KPA head of corporate affairs Benard Osero said, however, they followed due processes prior to dredging. He said they conducted Environmental Impact Assessments and even got approval from the National Environment Management Agency.
"According to international standards, the port cannot do dredging or harvest sand without conducting an environmental impact assessment. Even the international community will stop you," he said.
Even with the "positive" assessment report at hand, the report shows some beaches have been greatly affected by the dredging that gobbles up sand, leaving the shore miles away.
The report says the use of the coastal zone increased for human activities due to economic and population growth. "This has caused high soil erosion and loss of beach areas with a rate of offline change."
"Some beaches lie along the Diani beach corridor spanning the coast at Kaskazi beach southward to Monkey beach, a coastal stretch of about 11km, where erosion rates ranged from 53m to 109m per year," reads the report.
The worst-affected spots are beaches of Waa, Tiwi Beach north of Diani, Chale Reserve, Diani Beach off Kolekole, South of Mruveni Beach and off Hotel Sansorisa where the shoreline loss was more than 50.4m a year.
Dredging has the potential to deposit massive amounts of eroded sediments near the shore. Tourists make have an aversion to the dredging and decide to go elsewhere.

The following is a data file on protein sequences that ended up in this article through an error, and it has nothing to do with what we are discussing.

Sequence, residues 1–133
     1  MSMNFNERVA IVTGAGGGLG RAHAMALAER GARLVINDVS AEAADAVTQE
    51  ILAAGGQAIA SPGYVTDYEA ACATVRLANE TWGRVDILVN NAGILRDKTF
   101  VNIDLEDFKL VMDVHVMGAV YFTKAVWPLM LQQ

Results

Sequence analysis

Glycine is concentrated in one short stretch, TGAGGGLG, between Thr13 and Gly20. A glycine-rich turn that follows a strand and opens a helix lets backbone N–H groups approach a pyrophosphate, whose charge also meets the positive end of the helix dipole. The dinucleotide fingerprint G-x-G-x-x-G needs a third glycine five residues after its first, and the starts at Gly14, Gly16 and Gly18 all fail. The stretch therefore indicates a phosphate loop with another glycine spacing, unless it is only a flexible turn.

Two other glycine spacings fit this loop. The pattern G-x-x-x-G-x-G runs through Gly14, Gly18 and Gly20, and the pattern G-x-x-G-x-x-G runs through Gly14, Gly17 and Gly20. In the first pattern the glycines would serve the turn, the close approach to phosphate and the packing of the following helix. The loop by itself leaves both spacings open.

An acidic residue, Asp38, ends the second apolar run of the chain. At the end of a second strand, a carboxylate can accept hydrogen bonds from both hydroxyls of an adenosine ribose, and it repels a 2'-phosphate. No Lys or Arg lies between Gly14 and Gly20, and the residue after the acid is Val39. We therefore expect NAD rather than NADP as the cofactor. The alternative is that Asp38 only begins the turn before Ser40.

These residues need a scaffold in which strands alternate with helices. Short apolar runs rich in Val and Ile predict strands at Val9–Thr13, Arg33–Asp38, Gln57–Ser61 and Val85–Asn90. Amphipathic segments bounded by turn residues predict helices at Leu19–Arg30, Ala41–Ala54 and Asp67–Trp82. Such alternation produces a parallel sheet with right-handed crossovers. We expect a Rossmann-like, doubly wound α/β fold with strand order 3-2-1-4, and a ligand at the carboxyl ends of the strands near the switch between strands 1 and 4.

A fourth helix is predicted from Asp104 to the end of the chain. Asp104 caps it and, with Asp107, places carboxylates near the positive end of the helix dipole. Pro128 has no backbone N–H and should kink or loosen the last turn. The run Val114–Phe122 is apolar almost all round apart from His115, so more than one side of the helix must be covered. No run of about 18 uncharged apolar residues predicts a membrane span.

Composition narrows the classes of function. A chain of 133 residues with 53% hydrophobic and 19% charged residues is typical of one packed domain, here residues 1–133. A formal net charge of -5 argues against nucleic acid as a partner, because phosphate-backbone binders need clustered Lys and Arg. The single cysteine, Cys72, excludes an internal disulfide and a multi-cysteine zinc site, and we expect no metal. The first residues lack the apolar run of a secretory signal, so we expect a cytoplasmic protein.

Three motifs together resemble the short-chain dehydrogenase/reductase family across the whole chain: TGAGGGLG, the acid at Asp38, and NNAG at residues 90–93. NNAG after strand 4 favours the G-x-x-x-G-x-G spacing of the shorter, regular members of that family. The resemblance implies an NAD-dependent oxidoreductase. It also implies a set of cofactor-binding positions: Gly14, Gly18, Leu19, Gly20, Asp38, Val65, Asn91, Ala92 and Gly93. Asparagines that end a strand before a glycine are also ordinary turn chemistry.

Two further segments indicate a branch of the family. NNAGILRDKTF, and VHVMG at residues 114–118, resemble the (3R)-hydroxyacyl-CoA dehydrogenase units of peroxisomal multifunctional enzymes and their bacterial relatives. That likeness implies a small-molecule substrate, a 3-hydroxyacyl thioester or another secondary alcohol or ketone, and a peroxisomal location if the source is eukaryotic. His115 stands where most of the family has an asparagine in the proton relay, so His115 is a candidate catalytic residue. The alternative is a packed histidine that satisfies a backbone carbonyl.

"The sand harvesting was conducted on the South Coast using suction hopper dredging vessels — a method that drowned many beaches," the report said.
The survey reported beach loss of as much as 2.6km in some areas, accounting for 70 per cent of total loss in the past 10 years. This suggested there were more activities on land and sea between 2009 and 2019.
Between 2016 and 2019, the Diani Beach corridor experienced massive shoreline changes, which were five times those experienced between 2013 and 2016. The erosion rates reported ranged from 14metres to 18 metres per year along the Diani Coast.
Some 56 people who regularly interact with the beaches were questioned in the survey. Most of them said the beaches along the Diani Coast have recessed over the past five to 10 years and the shoreline is likely to recede if the dredging is not controlled promptly.
The study warned that dredging deposits have the potential to damage sensitive marine habits, including seagrass beds and corals, thus smothering important life. The shoreline increased dramatically since 1999, with a beach loss of 112 metres.
"This huge shift in shorelines and beach losses is majorly attributed to human activities comprising beach developments as well as increased sand harvesting, associated port development activities with nearshore marine waters, especially between 2013 and 2019," the report says.
In KPA's defence, Osero noted that sand harvesting activities were concluded a few months ago but the dumping of dredged waste still continues. He said it is usuall done in the high seas, contrary to the report. He said only fishermen who were affected during the first phase of Mombasa Port Development in 2016 warranted compensation.
“These groups were compensated for the loss of fishing grounds and landing sites as a result of reclamation and expansion of the port’s turning basin. No other case warrants compensation,” the officer said.